Tuesday, February 9, 2016

Should You Worry Because of New SAT? NO!

Today's New York Times  headline - "New Reading Heavy SAT Has Students Worried" - is a catchy headline but I'm urging students (and their parents) NOT to worry!

Yes, there's a brand-new SAT in our midst and yes, no one knows how it will work, but students have many options besides taking this new test: 1. Take the ACT, which is now more popular than the SAT. In fact, the ACT's popularity is one of the reasons the SAT revised the test.  2.  Apply to test optional schools, of which there are about 800 (yes, all those zeroes!).  

You can see the list of test optional colleges/universities at the website for the National Center for Fair Testing. Please note: the list changes every year, and there may be limitations regarding scholarships at some schools when you don't submit test scores. Read the materials carefully.

As I stress to everyone I work with, most colleges look at the totality of the package of who you are when you apply, and high school grades remain at the top of the list of considerations. The test scores themselves will not make or a break an application, nor will essays themselves.  

Here's the opening of today's Times article. Useful info but don't be among the students who have something else to worry about. You don't. Skip the SAT, take the ACT, and/or look at options that don't require the tests.

BOSTON — For thousands of college hopefuls, the stressful college admissions season is about to become even more fraught. The College Board, which makes the SAT, is rolling out a new test — its biggest redesign in a decade, and one of the most substantial ever.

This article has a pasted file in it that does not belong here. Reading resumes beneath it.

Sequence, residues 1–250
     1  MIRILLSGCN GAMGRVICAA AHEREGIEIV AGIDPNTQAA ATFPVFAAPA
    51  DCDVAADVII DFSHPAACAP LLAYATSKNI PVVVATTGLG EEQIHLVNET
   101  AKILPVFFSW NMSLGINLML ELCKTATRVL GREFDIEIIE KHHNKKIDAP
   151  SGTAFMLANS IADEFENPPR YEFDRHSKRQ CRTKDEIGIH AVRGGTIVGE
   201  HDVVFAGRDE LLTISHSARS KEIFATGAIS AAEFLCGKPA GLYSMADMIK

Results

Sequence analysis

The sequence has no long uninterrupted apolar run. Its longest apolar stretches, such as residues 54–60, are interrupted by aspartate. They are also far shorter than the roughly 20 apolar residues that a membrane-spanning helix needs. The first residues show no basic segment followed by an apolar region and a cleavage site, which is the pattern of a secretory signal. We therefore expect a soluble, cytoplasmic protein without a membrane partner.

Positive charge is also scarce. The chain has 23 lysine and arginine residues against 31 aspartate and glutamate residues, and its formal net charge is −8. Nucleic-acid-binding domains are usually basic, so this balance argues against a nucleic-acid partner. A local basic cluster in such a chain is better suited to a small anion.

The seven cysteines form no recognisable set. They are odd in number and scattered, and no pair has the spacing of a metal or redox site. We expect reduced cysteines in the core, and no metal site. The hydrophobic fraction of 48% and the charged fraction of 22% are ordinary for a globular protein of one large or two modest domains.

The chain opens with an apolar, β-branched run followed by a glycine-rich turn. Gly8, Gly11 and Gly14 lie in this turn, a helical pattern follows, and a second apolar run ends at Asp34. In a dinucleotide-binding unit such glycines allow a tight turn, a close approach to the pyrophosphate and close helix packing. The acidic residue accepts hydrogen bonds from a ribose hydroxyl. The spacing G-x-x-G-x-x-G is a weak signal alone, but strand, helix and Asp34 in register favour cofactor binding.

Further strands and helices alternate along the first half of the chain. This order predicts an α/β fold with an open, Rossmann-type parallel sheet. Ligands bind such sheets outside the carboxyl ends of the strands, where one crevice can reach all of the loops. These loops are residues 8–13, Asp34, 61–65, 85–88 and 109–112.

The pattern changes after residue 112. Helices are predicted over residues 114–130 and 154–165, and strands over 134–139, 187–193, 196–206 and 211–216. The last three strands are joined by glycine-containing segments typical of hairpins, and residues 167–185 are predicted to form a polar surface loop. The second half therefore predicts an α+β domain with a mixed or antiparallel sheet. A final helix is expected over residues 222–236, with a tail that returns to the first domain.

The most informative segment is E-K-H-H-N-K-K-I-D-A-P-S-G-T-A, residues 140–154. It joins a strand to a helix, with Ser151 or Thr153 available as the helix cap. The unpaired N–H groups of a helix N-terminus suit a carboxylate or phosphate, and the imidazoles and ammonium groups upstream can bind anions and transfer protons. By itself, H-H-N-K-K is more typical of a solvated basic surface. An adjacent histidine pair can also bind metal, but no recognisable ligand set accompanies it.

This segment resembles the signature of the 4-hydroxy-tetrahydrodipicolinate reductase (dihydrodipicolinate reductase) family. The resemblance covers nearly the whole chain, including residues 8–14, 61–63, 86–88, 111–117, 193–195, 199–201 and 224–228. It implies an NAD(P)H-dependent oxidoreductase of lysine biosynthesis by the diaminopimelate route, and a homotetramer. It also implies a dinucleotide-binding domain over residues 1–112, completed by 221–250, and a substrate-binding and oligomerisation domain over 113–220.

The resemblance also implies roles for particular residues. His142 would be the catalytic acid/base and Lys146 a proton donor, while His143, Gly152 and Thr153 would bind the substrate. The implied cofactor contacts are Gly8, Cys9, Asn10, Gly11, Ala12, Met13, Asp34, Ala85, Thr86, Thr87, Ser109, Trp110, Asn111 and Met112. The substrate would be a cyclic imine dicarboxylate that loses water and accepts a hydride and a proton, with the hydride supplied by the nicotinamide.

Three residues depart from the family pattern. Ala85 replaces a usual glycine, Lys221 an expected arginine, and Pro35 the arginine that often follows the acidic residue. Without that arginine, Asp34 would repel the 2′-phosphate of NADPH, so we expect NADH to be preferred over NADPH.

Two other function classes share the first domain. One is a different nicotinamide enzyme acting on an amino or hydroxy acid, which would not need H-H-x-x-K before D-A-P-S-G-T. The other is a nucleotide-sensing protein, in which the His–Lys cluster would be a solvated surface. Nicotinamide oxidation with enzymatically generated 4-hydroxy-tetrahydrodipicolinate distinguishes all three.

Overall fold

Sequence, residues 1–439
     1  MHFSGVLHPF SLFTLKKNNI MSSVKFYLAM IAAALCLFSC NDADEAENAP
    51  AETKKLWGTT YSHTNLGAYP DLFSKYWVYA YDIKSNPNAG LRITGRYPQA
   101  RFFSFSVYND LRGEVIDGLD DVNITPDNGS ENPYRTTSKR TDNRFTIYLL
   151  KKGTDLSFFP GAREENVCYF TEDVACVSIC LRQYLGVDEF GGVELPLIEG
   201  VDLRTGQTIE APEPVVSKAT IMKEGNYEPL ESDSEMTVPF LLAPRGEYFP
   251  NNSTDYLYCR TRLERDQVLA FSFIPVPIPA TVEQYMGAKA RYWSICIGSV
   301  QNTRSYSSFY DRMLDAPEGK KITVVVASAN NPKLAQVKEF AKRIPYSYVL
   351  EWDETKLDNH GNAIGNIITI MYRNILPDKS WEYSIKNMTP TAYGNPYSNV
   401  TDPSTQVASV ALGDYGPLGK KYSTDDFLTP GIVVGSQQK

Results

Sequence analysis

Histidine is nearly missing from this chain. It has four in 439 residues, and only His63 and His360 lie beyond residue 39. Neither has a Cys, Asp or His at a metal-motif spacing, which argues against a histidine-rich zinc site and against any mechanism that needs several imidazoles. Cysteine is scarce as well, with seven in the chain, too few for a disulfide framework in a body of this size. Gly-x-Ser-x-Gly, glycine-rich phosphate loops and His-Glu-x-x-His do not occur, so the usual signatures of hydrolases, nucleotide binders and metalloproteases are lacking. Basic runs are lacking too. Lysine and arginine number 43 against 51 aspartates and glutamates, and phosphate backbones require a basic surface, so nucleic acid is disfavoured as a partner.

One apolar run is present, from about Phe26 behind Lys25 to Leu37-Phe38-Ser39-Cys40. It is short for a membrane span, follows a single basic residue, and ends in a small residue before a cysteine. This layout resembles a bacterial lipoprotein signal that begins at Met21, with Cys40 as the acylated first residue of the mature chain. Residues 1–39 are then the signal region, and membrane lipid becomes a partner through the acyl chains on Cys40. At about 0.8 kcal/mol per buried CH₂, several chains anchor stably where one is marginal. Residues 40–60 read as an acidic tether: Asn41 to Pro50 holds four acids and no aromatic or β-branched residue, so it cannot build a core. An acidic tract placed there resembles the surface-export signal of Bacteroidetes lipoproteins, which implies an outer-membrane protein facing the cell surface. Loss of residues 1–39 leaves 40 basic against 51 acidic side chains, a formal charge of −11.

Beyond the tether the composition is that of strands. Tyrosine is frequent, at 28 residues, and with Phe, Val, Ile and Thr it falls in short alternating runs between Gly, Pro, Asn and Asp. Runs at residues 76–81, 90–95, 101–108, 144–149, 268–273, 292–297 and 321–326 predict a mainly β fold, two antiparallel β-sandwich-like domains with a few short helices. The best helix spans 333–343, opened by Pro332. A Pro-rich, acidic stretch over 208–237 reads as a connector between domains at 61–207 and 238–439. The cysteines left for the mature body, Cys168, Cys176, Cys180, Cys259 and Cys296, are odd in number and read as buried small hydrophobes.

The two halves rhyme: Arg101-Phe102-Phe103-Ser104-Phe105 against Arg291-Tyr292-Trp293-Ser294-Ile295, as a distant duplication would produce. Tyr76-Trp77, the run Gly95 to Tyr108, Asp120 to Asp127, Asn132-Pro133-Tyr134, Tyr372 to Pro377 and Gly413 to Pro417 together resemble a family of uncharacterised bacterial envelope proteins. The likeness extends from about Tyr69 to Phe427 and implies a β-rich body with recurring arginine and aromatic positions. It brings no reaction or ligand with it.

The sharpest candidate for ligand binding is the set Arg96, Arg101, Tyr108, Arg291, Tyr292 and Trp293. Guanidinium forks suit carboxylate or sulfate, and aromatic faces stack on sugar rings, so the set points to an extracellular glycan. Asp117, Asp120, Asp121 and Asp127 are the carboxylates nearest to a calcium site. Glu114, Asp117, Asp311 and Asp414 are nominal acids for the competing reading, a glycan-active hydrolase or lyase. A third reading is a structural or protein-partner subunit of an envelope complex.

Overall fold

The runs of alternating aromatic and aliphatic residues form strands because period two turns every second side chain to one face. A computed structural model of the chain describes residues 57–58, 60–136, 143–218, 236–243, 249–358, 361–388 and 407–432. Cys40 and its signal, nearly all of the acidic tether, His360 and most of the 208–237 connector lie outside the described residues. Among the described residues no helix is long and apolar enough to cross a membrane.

Chief among the changes, experts say: longer and harder reading passages and more words in math problems. The shift is leading some educators and college admissions officers to fear that the revised test will penalize students who have not been exposed to a lot of reading, or who speak a different language at home — like immigrants and the poor.
It has also led to a general sense that the new test is uncharted territory, leaving many students wondering whether they should take the SAT or its rival, the ACT. College admissions officers say they are waiting to see how the scores turn out before deciding how to weight the new test.

“It’s going to change who does well,” said Lee Weiss, the vice president of precollege programs at Kaplan Test Prep, one of the nation’s biggest test-preparation programs. “Before, if you were a student from a family where English was not the first language, you could really excel on the math side. It may be harder in the administration of this new test to decipher that, because there is so much text on both sides of the exam.” READ MORE